Special to American Forces Press Service
Feb. 1, 2008 - A 1st Cavalry Division AH-64D Longbow Apache pilot got word that two of his friends, fellow pilots, were shot down during a fierce battle in Najaf, a city in Iraqi army control south of Baghdad, Jan. 28, 2007. Not thinking of his personal safety and facing an unknown enemy force, Chief Warrant Officer 3 Zachary Johnson sprang into action, which resulted in him being awarded the Distinguished Flying Cross at the Fort Hood Catering and Conference Center exactly a year later, on Jan. 28, 2008.
Johnson, the pilot in charge and a unit commander from 4th Battalion, 227th Aviation Regiment, was commended for his role in that battle as he worked with Iraqi army troops, U.S. special operation forces and U.S. Air Force joint terminal attack controllers to determine the location of friendly and enemy forces while protecting the site of the crash that took the lives of his friends, Capt. Mark Resh and Chief Warrant Officer Cornell Chao.
"The odds were against us," Division Commander Army Maj. Gen. Joseph F. Fil Jr. said, noting the enemy had around 600 soldiers in well-fortified, dug-in positions.
There was a fierce ground battle under way, and the Iraqi and U.S. soldiers on the ground needed air support. Johnson and his crew were that support.
In eight minutes, Johnson led his team from Forward Operating Base Kalsu to the battlefield.
"Those were the longest eight minutes of my life," he said. "There was sadness because I just lost some of my friends. I was worried about my friends who were still there. I was scared."
But he didn't show it.
Johnson, originally from Nampa, Idaho, orchestrated more than an hour of organized attacks before running completely out of ammunition. His team flew back to FOB Kalsu, re-armed and went back out into the fight.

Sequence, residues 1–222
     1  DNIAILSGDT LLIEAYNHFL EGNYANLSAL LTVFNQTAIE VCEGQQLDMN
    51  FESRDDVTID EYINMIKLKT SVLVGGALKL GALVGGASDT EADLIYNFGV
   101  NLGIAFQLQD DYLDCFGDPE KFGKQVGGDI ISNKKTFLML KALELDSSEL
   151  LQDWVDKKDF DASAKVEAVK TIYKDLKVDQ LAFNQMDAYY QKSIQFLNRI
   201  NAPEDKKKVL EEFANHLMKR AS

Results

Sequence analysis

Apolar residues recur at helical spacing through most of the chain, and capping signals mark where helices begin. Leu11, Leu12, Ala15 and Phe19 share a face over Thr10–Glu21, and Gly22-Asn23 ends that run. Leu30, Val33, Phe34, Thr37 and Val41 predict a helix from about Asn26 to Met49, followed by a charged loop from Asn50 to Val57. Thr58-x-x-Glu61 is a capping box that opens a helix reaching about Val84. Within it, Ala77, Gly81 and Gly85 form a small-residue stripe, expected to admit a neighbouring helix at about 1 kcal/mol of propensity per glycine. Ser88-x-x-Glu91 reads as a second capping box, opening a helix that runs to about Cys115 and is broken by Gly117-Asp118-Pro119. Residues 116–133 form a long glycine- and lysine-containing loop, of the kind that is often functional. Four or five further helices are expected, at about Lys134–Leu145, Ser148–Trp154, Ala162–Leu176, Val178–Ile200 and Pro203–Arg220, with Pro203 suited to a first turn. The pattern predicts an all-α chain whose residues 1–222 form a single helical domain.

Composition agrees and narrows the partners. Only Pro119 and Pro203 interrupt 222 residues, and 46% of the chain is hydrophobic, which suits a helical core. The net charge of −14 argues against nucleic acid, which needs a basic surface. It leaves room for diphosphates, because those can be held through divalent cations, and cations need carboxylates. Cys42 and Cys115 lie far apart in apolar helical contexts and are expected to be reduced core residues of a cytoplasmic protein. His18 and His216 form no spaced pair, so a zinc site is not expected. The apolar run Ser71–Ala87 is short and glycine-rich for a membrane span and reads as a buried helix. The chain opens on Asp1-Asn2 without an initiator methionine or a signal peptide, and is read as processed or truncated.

"He had nerves of steel," Fil said of Johnson after watching the performance on screen at Johnson's award ceremony. "He was calm, reasonable and making sound decisions."
But he didn't feel calm.
"I thought my voice was shaking, and I was thinking about a million things at once," Johnson said. "But like the movie 'Black Hawk Down,' when the bullets are flying, you just do your job. I tried to stay level headed and cool under the pressure."
The enemy had dug trenches that were 12 to 15 feet deep in a zigzag pattern to prevent air support from firing in a straight line all the way through. Fil said the insurgents were well-equipped and organized with supplies and medical stations, but the enemy was virtually destroyed. "There was some good shooting that day," Fil said.
That opened up the road to a successful deployment for 1st Cavalry Division, the general said. "I can't imagine how much more difficult it would have been for us if we had lost," he said.
On a smaller scale, it made a huge difference for the people in the city. "The governor met me, and was sobbing. Not out of sadness, not out of anger, but out of thankfulness," he said. "He was so grateful that we took away that burden."
That wouldn't have been possible without the skills and professionalism of Johnson and his team, Fil said. "I have never been associated with anyone more deserving of the Distinguished Flying Cross than Chief Warrant Officer 3 Johnson," he said.
(Army Sgt. Nicole Kojetin is assigned to 1st Cavalry Division Public Affairs.)